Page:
Education on diversity group's role
When the Wileys learned their son was preparing to kill himself because he is gay, the Moline couple realized how much they had to learn.
``We would've been supportive, but we were too stupid,'' Joyce said. ``We didn't know anything about it, and we didn't know what to do.''
So, they learned.
When the Wileys founded Quad-Citians Affirming Diversity (QCAD) in 1990, Ms. Wiley said, a member of her congregation at Davenport Unitarian Church asked why she chose homosexual-youth support as a topic to tackle.
``I told her I didn't choose it -- it chose me,'' she said. ``As parents, we decided to do something to try to keep other kids from having to go through what our son went through.''
Besides having much to learn about sexual orientation and young people, the Wileys had to overcome their own fear. They had to learn how to approach their son and how to help him come to terms with his sexuality.
``The second worst thing you can do is ignore it,'' Ms. Wiley said. ``The first (worst thing) is to throw him out.''
The Wileys said most parents would have a less-difficult time accepting a gay child if they were better prepared for the possibility of having one.
``Pediatricians, ministers -- everyone -- should prepare parents for the fact their child could be straight or gay,'' Joyce said. ``Parents too often believe homosexuality is something their child will outgrow -- a phase.''
The Wileys have learned, in almost all cases, homosexuality is not a phase but a fixed part of a person's nature.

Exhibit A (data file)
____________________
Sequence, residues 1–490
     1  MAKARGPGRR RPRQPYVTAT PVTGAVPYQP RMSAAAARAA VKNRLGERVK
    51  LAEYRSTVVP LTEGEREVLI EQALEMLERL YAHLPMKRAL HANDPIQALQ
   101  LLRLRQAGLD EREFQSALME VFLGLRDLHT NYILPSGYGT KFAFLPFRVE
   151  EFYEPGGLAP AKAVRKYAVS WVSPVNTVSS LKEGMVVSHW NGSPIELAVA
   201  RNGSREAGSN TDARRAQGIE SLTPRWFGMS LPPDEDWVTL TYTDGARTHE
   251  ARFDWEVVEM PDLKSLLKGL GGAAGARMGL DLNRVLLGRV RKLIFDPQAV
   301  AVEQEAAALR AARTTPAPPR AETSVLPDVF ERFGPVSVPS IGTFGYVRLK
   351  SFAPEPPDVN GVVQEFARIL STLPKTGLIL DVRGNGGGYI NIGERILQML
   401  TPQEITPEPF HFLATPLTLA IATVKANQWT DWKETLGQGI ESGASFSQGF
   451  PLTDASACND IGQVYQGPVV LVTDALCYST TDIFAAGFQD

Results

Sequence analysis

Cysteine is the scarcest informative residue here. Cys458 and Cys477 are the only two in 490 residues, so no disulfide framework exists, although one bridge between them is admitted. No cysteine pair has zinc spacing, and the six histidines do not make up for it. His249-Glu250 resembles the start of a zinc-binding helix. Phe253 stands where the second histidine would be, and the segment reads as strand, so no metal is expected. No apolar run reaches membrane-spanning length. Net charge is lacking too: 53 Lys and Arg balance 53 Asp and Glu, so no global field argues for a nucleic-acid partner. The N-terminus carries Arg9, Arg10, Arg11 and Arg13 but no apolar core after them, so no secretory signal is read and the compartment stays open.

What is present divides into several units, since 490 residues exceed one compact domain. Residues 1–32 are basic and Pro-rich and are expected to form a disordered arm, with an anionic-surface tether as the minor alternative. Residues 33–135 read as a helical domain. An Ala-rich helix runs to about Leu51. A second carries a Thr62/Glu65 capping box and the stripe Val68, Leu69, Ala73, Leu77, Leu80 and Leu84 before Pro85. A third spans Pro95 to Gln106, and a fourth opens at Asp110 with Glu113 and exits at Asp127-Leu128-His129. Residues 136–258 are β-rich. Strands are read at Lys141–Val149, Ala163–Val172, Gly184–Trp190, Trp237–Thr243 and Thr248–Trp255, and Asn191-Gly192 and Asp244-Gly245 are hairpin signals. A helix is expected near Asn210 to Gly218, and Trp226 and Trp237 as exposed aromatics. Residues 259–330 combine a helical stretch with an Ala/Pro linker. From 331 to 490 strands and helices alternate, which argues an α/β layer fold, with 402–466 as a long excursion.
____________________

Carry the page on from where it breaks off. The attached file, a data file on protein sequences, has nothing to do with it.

``In every lecture I give, I explain how it has a profound influence on you to hide who you are,'' Ms. Wiley said. ``Why would a child choose (to be) something he's going to kill himself over?''
While many people continue to suggest homosexuality is a chosen orientation, the Wileys believe choice is a myth and only confirms how much parents have to learn about homosexuality.
While her son has struggled to cope with the bias and judgment of his peers, Ms. Wiley said she also has experienced a first-hand feel for the public's uneasiness toward homosexuality.
``Mostly, our friends don't want to talk about it,'' she said. ``As we started to get out in the public with QCAD, I got a feeling for how my son must feel every day.''
Despite the early feelings of isolation, a big part of the Wileys' education was learning they were far from alone. Once the shock wore off, the family saw how many others were facing the same adjustment.
``Things are changing, though,'' Ms. Wiley said. ``Kids now know they aren't the only gay kids in the Quad-Cities.
``As far as our own son, we just didn't believe it was possible,'' she said. ``Of course, now I know how many gay people I must've known all along.''
While the U.S. Department of Health estimates one-third of all completed adolescent suicides have a sexual-orientation component, the Wileys said it probably is impossible to get an accurate count.
``Who knows what it really is?'' Ms. Wiley asked. ``But it seemed natural to us to suppose other kids were going through the same thing as our son and to do something about it.''
That something has paid off.
As QCAD continues to add to its 500-strong mailing list, the group's greatest accomplishment lurks on the horizon. A QCAD drop-in center is on the verge of completion. It shares office space with AIDS Project Quad-Cities at Rock Island's Plaza Building.
``We never, ever, ever dreamed (QCAD) would go this far,'' Joyce said. ``This community -- especially those at the church -- has been supportive and helpful, not hateful.''
-- By Barb Ickes (February 9, 1998)
Copyright © 1998 Moline Dispatch Publishing Company, L.L.C.